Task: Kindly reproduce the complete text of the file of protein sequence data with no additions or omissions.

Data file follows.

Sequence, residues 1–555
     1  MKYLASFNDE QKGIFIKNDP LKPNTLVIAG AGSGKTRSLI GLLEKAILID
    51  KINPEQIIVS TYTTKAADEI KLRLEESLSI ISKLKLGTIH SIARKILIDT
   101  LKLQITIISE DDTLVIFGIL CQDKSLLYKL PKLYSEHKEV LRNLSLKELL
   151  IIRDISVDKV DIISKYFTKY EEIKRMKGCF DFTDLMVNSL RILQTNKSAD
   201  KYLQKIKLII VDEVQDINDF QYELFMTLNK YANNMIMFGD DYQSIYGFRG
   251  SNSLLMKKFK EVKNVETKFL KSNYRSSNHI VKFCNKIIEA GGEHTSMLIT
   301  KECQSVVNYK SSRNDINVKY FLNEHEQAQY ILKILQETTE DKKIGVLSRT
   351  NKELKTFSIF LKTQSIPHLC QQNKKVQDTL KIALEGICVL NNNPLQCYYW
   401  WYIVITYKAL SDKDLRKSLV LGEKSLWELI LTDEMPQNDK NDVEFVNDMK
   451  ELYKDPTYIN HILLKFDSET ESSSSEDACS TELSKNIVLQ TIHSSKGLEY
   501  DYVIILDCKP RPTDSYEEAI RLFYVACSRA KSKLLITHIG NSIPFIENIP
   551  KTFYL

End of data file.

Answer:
Sequence, residues 1–555
     1  MKYLASFNDE QKGIFIKNDP LKPNTLVIAG AGSGKTRSLI GLLEKAILID
    51  KINPEQIIVS TYTTKAADEI KLRLEESLSI ISKLKLGTIH SIARKILIDT
   101  LKLQITIISE DDTLVIFGIL CQDKSLLYKL PKLYSEHKEV LRNLSLKELL
   151  IIRDISVDKV DIISKYFTKY EEIKRMKGCF DFTDLMVNSL RILQTNKSAD
   201  KYLQKIKLII VDEVQDINDF QYELFMTLNK YANNMIMFGD DYQSIYGFRG
   251  SNSLLMKKFK EVKNVETKFL KSNYRSSNHI VKFCNKIIEA GGEHTSMLIT
   301  KECQSVVNYK SSRNDINVKY FLNEHEQAQY ILKILQETTE DKKIGVLSRT
   351  NKELKTFSIF LKTQSIPHLC QQNKKVQDTL KIALEGICVL NNNPLQCYYW
   401  WYIVITYKAL SDKDLRKSLV LGEKSLWELI LTDEMPQNDK NDVEFVNDMK
   451  ELYKDPTYIN HILLKFDSET ESSSSEDACS TELSKNIVLQ TIHSSKGLEY
   501  DYVIILDCKP RPTDSYEEAI RLFYVACSRA KSKLLITHIG NSIPFIENIP
   551  KTFYL